Biometrics is widely used in access control systems, but it has a serious drawback in case of stealing or leakage, therefore, in the recent past, biometric template security has obtained increasing interest and many solutions have been investigated to secure biometric templates. Cancelable biometrics, which consists in the application of an intentional and repeatable modification to the original biometric template, is one the most promising approach which can satisfy the required properties of non-reversibility, accuracy, diversity and reusability. One of the most promising cancellable biometrics formulation is known as BioHashing and is based on the combination of the biometric template with user-specific tokenised random numbers (generated by an hash key) to produce a non-invertible hash code. The Hashed code is irreproducible without presenting both the biometric data and the hash key, it is irreversible and it obtains extremely good performance when the hash key is kept secret. Unfortunately, its performance strongly degrades when an impostor steals the hash key and tries to authenticate as a genuine user. In the literature, several methods have been recently proposed to solve this drawback, including an improved version of BioHashing and a method named BioPhasor. In this chapter we discuss the existing literature about various biometric template protection techniques and propose some solutions to answer to one of the main lacks of existing approaches: the loss of accuracy with respect to their analogous non-protected biometric systems. Our solutions are based on the use of ensembles of classifiers in an improved version of the BioPhasor hashing and in a method for the fusion between the BioPhasor and the Improved BioHashing approaches. Moreover we propose a cohort normalization method for both protected and unprotected matchers. Our results, obtained on different datasets and biometrics, show that the proposed solutions outperform the base BioPhasor method, in particular in the worst testing hypothesis when always an impostor steals all the personal information of a genuine user.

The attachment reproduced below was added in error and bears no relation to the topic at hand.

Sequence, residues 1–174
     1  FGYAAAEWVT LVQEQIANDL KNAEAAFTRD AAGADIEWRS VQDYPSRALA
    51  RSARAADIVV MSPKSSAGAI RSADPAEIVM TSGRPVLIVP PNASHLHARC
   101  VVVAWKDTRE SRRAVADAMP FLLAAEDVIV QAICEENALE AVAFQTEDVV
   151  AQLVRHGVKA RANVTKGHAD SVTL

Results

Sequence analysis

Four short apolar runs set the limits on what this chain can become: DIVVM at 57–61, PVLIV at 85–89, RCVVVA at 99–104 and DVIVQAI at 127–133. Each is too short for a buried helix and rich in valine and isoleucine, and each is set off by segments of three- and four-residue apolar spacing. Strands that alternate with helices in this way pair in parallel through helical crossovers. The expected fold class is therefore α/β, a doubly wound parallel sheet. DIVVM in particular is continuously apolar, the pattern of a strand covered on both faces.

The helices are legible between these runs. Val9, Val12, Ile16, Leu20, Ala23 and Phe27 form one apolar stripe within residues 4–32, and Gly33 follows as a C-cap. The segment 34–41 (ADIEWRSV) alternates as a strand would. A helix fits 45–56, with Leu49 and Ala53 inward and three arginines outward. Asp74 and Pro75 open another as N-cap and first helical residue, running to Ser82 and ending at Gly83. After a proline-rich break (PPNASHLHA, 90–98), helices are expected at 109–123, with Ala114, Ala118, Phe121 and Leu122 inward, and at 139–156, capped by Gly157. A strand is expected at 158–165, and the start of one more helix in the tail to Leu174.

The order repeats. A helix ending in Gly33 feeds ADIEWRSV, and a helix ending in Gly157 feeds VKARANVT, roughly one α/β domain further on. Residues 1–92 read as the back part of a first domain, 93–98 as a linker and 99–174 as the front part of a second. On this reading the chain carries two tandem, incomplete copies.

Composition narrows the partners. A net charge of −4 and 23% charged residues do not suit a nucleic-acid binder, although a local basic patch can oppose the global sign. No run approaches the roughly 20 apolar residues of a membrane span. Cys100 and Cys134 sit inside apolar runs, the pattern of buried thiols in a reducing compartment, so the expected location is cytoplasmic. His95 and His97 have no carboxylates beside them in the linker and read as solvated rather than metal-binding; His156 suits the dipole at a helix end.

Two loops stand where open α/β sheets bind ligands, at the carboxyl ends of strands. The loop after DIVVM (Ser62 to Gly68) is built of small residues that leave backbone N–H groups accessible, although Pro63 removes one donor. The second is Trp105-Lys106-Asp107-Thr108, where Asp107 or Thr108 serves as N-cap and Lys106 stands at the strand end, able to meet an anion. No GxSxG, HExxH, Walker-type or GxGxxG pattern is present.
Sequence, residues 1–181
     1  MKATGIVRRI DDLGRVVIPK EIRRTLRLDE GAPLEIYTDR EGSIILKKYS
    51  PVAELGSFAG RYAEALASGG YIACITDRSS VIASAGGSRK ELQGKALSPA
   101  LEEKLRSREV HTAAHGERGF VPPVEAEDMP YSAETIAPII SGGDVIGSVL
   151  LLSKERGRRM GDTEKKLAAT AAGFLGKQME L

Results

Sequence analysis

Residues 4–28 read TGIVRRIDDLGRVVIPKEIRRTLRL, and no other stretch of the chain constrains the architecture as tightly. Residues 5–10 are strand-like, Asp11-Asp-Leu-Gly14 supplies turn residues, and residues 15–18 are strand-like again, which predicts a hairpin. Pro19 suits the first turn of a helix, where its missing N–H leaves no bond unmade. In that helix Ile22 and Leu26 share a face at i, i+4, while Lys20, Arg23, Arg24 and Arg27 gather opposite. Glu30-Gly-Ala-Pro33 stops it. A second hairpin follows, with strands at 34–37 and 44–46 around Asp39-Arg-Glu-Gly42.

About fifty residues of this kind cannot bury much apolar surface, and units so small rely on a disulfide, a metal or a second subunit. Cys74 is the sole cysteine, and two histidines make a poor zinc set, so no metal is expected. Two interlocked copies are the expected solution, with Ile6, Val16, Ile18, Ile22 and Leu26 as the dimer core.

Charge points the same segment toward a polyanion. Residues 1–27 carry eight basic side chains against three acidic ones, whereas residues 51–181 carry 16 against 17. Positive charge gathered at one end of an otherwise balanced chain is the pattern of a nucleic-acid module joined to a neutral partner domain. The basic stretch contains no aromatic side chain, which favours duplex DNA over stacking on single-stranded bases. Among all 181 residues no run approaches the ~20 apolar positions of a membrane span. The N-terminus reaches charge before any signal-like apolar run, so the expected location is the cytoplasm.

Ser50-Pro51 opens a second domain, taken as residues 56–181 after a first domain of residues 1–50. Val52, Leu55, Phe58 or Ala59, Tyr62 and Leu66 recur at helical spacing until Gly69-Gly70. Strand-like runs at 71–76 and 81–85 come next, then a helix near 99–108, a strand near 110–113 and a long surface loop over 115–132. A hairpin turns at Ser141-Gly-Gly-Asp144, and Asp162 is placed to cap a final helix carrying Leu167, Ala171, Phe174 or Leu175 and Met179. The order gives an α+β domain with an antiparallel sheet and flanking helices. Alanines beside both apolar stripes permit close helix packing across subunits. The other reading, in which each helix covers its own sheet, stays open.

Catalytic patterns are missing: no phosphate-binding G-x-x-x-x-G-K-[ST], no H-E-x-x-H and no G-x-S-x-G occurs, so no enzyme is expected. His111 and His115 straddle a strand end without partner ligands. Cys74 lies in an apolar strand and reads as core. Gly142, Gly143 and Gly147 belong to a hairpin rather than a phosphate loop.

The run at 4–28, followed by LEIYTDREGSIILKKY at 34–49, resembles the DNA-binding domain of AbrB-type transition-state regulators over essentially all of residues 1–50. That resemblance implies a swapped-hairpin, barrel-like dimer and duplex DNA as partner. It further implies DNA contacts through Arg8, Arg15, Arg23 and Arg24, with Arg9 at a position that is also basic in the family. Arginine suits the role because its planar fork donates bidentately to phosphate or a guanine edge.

Cancellable Biometrics: Problems and Solutions for Improving Accuracy

NANNI, LORIS;LUMINI, ALESSANDRA
2010

Abstract

Biometrics is widely used in access control systems, but it has a serious drawback in case of stealing or leakage, therefore, in the recent past, biometric template security has obtained increasing interest and many solutions have been investigated to secure biometric templates. Cancelable biometrics, which consists in the application of an intentional and repeatable modification to the original biometric template, is one the most promising approach which can satisfy the required properties of non-reversibility, accuracy, diversity and reusability. One of the most promising cancellable biometrics formulation is known as BioHashing and is based on the combination of the biometric template with user-specific tokenised random numbers (generated by an hash key) to produce a non-invertible hash code. The Hashed code is irreproducible without presenting both the biometric data and the hash key, it is irreversible and it obtains extremely good performance when the hash key is kept secret. Unfortunately, its performance strongly degrades when an impostor steals the hash key and tries to authenticate as a genuine user. In the literature, several methods have been recently proposed to solve this drawback, including an improved version of BioHashing and a method named BioPhasor. In this chapter we discuss the existing literature about various biometric template protection techniques and propose some solutions to answer to one of the main lacks of existing approaches: the loss of accuracy with respect to their analogous non-protected biometric systems. Our solutions are based on the use of ensembles of classifiers in an improved version of the BioPhasor hashing and in a method for the fusion between the BioPhasor and the Improved BioHashing approaches. Moreover we propose a cohort normalization method for both protected and unprotected matchers. Our results, obtained on different datasets and biometrics, show that the proposed solutions outperform the base BioPhasor method, in particular in the worst testing hypothesis when always an impostor steals all the personal information of a genuine user.
Methods, Applications and Analyses
153
166
L. Nanni; A. Lumini
File in questo prodotto:
Eventuali allegati, non sono esposti

I documenti in IRIS sono protetti da copyright e tutti i diritti sono riservati, salvo diversa indicazione.

Utilizza questo identificativo per citare o creare un link a questo documento: http://hdl.handle.net/11585/96805
 Attenzione

Attenzione! I dati visualizzati non sono stati sottoposti a validazione da parte dell'ateneo

Citazioni
  • ???jsp.display-item.citation.pmc??? ND
  • Scopus 7
  • ???jsp.display-item.citation.isi??? 3
social impact